Researchers at Ben-Gurion University and The Hebrew University of Jerusalem have found a correlation between winning and cheating. The study titled “Winning A Competition Predicts Dishonest Behavior” published in the journal PNAS suggests that being a winner increases one’s likelihood of becoming a cheater or to act dishonestly in the future.

“We already know that some politicians and business executives will often resort to unethical means to win, for example the recent Volkswagen scandal,” explained Dr. Amos Schurr, who is a researcher of the study, in a press release. “Our research was focused on who is more likely to subsequently engage in unrelated unethical behaviors – winners or losers?”

For their research, the team conducted five different studies. The first two studies showed that winning a competition increases the likelihood of winners to steal money from their counterparts in a subsequent unrelated task. The third and fourth studies demonstrated that this subsequent unethical behavior effect holds only when winning means performing better than others, but not when success is determined by chance or in reference to a personal goal. The last study suggested that winners felt a sense of entitlement after beating their opponents.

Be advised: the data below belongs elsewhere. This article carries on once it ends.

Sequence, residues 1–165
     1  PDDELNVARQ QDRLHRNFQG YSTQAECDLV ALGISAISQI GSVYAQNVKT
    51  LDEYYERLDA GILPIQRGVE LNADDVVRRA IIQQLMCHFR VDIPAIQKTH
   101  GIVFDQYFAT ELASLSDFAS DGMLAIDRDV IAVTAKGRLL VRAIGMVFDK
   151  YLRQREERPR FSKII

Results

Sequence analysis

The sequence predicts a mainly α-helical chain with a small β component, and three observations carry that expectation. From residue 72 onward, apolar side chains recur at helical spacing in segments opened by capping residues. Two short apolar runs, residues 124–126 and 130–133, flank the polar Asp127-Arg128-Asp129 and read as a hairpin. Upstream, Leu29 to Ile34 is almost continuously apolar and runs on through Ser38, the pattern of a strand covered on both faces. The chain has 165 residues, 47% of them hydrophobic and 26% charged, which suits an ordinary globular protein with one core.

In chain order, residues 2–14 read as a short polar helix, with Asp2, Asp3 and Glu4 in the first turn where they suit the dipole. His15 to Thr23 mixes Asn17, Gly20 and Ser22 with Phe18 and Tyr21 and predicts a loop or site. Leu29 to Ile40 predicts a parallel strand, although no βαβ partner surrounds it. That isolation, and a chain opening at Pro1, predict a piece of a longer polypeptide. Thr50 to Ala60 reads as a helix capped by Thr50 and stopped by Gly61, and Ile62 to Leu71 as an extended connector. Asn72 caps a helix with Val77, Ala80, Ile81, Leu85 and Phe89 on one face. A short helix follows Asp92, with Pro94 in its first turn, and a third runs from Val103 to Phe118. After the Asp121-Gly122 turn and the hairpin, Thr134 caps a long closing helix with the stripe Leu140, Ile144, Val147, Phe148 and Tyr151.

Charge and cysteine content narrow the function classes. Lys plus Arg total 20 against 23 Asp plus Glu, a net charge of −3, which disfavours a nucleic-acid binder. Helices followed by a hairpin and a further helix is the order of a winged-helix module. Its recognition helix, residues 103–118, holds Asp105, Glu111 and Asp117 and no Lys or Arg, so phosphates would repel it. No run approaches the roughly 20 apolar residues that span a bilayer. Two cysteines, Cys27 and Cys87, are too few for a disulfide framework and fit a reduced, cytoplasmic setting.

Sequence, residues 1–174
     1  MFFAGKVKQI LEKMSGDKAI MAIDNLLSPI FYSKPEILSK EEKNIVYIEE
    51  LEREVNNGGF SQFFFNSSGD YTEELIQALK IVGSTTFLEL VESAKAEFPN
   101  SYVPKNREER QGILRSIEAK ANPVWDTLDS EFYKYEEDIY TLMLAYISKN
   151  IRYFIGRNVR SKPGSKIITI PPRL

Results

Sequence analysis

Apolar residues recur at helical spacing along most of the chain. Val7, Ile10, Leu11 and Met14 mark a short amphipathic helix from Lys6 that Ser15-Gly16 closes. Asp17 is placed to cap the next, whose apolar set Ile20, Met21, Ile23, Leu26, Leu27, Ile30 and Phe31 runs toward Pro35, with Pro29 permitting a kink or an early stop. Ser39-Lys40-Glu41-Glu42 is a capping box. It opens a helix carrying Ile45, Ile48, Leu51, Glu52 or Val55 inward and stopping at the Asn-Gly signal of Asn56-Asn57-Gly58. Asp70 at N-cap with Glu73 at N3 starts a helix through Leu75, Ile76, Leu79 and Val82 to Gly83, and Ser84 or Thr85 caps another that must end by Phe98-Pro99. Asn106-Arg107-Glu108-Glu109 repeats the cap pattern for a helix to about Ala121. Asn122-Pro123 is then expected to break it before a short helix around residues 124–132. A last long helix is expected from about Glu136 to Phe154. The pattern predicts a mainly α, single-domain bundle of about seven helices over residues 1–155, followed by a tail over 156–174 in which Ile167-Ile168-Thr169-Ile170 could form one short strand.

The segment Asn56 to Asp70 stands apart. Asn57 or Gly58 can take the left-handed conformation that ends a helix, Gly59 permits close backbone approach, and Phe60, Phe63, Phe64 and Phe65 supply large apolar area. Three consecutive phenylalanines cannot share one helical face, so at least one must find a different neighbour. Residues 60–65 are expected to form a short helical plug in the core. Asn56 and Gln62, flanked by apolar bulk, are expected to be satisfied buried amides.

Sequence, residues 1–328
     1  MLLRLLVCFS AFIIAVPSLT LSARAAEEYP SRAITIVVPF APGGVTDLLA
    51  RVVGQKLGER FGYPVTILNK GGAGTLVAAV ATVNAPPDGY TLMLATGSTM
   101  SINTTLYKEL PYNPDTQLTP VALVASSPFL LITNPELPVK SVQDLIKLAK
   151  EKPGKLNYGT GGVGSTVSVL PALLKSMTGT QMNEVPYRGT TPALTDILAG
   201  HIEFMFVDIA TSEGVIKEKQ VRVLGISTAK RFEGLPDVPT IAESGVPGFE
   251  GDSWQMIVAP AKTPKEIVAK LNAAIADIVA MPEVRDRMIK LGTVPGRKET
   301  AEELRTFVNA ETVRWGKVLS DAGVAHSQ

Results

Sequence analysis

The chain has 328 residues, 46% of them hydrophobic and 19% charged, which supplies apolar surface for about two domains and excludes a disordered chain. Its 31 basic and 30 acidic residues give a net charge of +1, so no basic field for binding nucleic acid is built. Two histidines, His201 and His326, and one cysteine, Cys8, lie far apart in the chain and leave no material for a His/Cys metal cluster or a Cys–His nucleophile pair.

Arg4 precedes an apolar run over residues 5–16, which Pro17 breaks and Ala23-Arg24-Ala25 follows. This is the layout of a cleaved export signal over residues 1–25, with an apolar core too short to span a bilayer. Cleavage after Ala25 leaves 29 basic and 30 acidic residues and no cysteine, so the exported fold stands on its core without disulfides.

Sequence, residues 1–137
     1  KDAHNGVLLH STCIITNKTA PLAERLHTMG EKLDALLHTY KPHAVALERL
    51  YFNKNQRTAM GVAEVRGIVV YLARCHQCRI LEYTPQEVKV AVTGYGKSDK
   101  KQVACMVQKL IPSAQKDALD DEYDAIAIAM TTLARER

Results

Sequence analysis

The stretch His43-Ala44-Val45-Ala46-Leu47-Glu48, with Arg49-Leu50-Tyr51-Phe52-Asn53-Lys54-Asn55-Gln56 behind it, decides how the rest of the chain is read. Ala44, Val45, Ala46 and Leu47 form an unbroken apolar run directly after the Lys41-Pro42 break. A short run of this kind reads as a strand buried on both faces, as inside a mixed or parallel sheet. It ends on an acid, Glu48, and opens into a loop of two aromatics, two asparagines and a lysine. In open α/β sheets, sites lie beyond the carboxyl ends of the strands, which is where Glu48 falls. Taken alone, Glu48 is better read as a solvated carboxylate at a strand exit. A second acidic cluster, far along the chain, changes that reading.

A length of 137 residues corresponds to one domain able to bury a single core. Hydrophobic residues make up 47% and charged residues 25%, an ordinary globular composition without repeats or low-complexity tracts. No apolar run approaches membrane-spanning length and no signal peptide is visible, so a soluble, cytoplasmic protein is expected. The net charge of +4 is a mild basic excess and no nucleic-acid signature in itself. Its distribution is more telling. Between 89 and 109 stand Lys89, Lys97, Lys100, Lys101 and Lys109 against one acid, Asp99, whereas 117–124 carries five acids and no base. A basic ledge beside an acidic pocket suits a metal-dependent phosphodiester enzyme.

“When success is measured by social comparison, as is the case when winning a competition, dishonesty increases,” Schurr explained. “When success does not involve social comparison, as is the case when meeting a set goal, defined standard or recalling a personal achievement, dishonesty decreases.”

Researchers also claim that the way in which people measure success affects their honesty, so Scientific American writes if they are correct about their claim, organizations – from sport teams to businesses to governments – should focus more on fixed goal, rather than social comparison, to curb corruption and cheating.

“It is difficult to overstate the importance of competition in advancing economic growth, technological progress, wealth creation, social mobility, and greater equality. At the same time, however, it is vital to recognize the role of competition in eliciting censurable conduct,” the researchers concluded.

“A greater tendency toward unethicality by winners is likely to impede social mobility and equality, exacerbating disparities in society rather than alleviating them. Finding ways to predict and overcome these tendencies may be a fruitful topic for the future study.”